Abstract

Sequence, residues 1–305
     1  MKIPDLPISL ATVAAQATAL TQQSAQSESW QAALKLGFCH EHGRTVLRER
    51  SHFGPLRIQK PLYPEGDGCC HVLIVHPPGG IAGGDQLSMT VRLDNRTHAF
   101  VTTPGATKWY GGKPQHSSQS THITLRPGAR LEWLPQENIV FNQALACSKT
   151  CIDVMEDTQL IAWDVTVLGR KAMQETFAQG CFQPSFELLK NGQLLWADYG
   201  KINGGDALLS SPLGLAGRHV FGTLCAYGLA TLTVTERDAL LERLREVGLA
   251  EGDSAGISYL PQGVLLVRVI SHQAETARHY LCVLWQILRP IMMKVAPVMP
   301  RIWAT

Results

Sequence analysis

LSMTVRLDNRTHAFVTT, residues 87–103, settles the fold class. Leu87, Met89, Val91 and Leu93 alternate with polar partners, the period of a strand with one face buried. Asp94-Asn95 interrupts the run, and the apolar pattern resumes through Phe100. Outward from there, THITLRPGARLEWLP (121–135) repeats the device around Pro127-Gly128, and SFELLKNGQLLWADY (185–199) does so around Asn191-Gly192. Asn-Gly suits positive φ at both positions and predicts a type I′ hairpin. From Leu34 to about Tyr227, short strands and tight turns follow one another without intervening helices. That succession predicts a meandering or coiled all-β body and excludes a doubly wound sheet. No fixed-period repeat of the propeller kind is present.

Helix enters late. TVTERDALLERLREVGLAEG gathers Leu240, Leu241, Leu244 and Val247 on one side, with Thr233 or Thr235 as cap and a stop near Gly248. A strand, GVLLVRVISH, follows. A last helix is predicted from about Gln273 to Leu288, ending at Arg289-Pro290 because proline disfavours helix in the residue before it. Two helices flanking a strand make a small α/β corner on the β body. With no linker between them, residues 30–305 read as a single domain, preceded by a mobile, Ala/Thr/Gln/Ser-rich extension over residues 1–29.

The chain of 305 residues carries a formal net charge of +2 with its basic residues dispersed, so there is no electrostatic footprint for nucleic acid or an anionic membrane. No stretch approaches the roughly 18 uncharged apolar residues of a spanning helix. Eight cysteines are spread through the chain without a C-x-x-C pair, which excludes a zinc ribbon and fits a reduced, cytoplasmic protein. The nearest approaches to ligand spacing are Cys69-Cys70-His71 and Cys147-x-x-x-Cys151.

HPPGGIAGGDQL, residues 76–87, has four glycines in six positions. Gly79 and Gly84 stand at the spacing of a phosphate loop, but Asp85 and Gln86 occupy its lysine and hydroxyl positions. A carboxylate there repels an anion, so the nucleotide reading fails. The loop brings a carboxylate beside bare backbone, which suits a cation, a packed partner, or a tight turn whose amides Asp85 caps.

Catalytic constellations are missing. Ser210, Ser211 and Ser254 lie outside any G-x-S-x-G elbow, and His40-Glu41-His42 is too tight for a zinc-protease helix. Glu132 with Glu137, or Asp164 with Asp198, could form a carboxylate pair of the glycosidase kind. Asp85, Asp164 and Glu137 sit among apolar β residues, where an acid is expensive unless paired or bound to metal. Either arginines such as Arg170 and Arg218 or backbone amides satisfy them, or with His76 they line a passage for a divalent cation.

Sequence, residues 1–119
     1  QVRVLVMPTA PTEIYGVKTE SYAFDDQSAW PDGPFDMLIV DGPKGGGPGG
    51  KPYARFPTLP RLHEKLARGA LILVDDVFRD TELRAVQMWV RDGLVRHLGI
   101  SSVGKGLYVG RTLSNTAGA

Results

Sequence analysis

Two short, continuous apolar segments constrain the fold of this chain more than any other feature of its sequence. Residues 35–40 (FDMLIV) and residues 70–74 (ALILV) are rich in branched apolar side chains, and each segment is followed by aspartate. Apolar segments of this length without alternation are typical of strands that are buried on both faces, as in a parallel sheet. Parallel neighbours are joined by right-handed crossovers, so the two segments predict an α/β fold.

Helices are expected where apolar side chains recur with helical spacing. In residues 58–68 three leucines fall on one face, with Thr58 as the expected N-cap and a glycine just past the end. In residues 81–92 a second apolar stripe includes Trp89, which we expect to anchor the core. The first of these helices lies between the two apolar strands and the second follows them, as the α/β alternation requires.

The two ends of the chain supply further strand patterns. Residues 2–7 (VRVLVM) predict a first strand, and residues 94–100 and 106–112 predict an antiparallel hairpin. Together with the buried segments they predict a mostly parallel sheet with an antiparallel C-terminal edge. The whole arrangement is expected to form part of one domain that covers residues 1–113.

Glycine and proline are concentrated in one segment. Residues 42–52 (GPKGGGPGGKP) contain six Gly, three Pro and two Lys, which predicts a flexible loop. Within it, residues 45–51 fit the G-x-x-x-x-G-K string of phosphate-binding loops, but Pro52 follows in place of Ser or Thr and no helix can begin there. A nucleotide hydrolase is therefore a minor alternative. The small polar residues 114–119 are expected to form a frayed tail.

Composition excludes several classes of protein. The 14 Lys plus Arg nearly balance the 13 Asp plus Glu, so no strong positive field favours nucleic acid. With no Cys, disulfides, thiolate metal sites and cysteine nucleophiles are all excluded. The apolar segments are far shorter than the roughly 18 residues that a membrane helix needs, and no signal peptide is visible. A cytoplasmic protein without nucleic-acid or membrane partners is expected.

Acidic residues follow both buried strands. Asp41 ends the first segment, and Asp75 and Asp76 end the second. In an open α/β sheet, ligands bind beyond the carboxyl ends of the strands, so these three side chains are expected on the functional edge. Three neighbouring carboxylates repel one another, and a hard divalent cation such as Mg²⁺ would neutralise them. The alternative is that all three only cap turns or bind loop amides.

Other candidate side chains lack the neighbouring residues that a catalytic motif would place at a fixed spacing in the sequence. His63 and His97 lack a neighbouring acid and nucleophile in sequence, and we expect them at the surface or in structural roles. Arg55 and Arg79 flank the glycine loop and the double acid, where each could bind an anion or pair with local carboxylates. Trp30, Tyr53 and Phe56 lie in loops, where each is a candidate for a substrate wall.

The role of extensional tectonics in the generation of basaltic melt and eruption of continental flood basalts is controversial, and yet it remains crucial to understanding the origin and cause of these large-volume eruptions. Establishing the timing of lithospheric extension, continental rifting, and the onset of continental flood basalt volcanism is therefore of importance to petrogenetic models. Detailed mapping along the Mumbai coast, India, reveals three chemically distinct sets of dikes, which, together with high-precision 40Ar/39Ar dating, demonstrate the temporal relationship between lithospheric extension and Deccan volcanism. The east-west extension evident along the west coast of India, which led to the separation of the Seychelles from the Indian plate, only began during the final phases of the basalt eruptions, and cannot have initiated the large-volume eruptions of the Deccan flood basalt province.

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